|Name of the mint||Mint of Poland|
|Name in the local language||Mennica Polska|
|Dates of operation||1766-date|
|See also||Wikidata (Q4371256)|
The Mint of Poland is currently a private company located in Warsaw that mainly produces coins for Poland, but also for foreign issuers and central banks, such as circulation coins for the Dominican Republic, Armenia and Ukraine, and collector coins for Armenia, Belarus, Ukraine and Cyprus. It is a joint-stock company listed at the Polish Stock Exchange since 7 April 1998. It is currently the only mint in the world that is publicly traded.
The Mint of Poland has a history spanning over a quarter of a century and it has operated almost continuously, with short interruptions between 1796–1810, 1907–1924, and during the Second World War.
Mint in Bielańska Street during the Polish–Lithuanian Commonwealth (1764–1796)
The beginnings of the Mint of Poland date back to the monetary reform of king Stanisław II August Poniatowski from 1766. On 7 September 1764, Stanisław August Poniatowski was elected king by the Convocation Sejm and mandated to carry out a monetary reform and establish a new mint for medals and orders, as well as for gold, silver and copper pieces. On 10 January 1765, the king established the Mint's Commission, and on 3 July he purchased a palace in Bielańska street for the location of the new mint. The mint was officially inaugurated on 10 February 1766. On the same day, a new monetary system was introduced in Poland, and to commemorate this event, a mint holiday (Dzień Mincerza) was established.
On 21 January 1766, Jan Filip Holzhaeusser, was brought from Dresden and, until 1792, he served as the court medallist and chief engraver of the Warsaw Mint.
In 1791, the Mint introduced its own mint mark on ducat coins, the letters MV for Monetaria Varsoviensis and MW for Mennica Warszawska.
In May 1794, during the Kościuszko Uprising against the Russian Empire and the Kingdom of Prussia, the king's privilege to mint coins was revoked and the mint was taken over by the Tax Commission. On 9 January 1796, the mint was closed for 14 years as a result of the Third Partition of Poland, which divided the former Polish-Lithuanian Commonwealth between Prussia, Austria and Russia. Shortly after the arrival of Prussian troops in the capital, the mint was transferred to the Treasury of Prussia.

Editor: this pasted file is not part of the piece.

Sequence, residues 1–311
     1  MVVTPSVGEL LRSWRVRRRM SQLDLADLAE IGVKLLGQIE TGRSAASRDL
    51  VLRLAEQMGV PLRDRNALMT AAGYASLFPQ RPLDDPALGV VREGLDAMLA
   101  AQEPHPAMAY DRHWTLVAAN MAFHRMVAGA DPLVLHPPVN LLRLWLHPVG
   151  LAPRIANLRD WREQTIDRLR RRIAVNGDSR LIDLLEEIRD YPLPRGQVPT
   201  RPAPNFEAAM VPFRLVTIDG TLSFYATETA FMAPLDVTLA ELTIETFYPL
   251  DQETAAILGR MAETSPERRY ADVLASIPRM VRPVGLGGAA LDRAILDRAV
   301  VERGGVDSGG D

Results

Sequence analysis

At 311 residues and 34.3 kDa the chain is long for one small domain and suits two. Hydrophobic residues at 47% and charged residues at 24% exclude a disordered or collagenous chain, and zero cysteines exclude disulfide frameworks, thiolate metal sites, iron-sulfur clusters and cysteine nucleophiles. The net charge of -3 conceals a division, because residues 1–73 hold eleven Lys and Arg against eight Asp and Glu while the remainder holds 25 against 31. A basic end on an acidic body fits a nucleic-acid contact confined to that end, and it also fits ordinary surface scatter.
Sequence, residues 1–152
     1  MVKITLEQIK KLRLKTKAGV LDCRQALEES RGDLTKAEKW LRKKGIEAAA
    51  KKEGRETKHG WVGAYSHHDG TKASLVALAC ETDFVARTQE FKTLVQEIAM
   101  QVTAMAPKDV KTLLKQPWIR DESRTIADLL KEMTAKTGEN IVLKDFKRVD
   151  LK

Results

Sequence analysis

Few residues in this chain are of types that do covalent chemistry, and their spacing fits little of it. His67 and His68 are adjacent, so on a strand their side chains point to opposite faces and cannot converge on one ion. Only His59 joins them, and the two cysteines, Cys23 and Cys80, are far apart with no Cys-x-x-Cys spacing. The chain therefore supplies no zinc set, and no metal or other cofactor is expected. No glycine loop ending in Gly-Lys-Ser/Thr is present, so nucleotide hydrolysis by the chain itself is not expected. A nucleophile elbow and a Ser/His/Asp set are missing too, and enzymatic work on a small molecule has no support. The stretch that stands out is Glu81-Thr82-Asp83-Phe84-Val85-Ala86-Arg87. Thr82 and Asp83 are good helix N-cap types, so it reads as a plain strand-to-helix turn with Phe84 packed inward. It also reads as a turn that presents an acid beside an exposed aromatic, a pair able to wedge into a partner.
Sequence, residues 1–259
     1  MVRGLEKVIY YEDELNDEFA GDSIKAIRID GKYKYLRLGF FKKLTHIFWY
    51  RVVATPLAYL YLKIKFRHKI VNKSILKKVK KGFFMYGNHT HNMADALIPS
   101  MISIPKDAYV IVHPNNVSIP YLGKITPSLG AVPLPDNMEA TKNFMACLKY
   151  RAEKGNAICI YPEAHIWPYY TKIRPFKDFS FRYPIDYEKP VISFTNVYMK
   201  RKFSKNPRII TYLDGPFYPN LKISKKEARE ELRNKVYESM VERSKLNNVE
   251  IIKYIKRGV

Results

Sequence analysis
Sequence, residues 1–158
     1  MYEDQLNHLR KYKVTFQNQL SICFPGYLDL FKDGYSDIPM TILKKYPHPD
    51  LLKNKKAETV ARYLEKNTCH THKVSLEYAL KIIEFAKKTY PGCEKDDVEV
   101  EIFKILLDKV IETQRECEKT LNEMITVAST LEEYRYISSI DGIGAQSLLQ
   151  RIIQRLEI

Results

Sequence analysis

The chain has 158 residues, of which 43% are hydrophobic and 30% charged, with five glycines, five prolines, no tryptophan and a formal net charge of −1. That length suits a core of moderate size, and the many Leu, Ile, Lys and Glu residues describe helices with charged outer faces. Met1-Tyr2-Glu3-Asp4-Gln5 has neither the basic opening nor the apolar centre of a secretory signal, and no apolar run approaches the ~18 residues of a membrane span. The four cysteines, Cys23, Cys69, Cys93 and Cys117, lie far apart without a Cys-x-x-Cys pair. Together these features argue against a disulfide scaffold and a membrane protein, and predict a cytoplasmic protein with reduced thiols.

Mint in Bielańska Street during the Duchy of Warsaw (1810–1815)
In 1807, Napoleon I established the Duchy of Warsaw, a Polish state formed from the Polish lands ceded by the Kingdom of Prussia under the terms of the Treaties of Tilsit. The duchy was held by one of Napoleon's allies, King Frederick Augustus I of Saxony. During this period, the Mint in Warsaw started operating again on 9 June 1810, minting gold, silver and copper coins for the Duchy of Warsaw. About 64 million pieces were minted between 1810-1813.
Following Napoleon's failed invasion of Russia, the duchy of Warsaw was occupied by Prussian and Russian troops in 1813. The Duchy of Warsaw was dissolved and formerly partitioned between the two countries at the Congress of Vienna in 1815. Until 9 June 1815 the mint continued to issue coins with the arms of the defunct Duchy of Warsaw, with a retrospective date of 1814.
Mint in Bielańska Street during the Russian Kingdom of Poland (1816–1868)
From 1 January 1816, Warsaw minted coins for the Kingdom of Poland under Russian rule. On 16 June 1817, a new building in Bielańska street was completed for the mint according to the design of Piotr Aigner. Starting in 1824, at the request of the Minister of Internal Affairs, the Mint of Warsaw received a monopoly on the production of official stamps and seals. During this period, the mint was subordinated to the Bank of Poland
During the November Uprising against the Russian Empire, the Warsaw Mint issued coins for the insurgents and operated as a weapons factory for the Polish rebels. On 25 January 1831, the tsar was dethroned and the mint began minting coins with national symbols.
On 15 October 1832, after the fall of the November Uprising, the Warsaw Mint was subordinated to the Ministry of Revenues and Treasury, by the tsar's ukase (decree). The mint started to issue bilingual Russian-Polish double face value coins, the first one being the 15 kopecks – 1 zloty.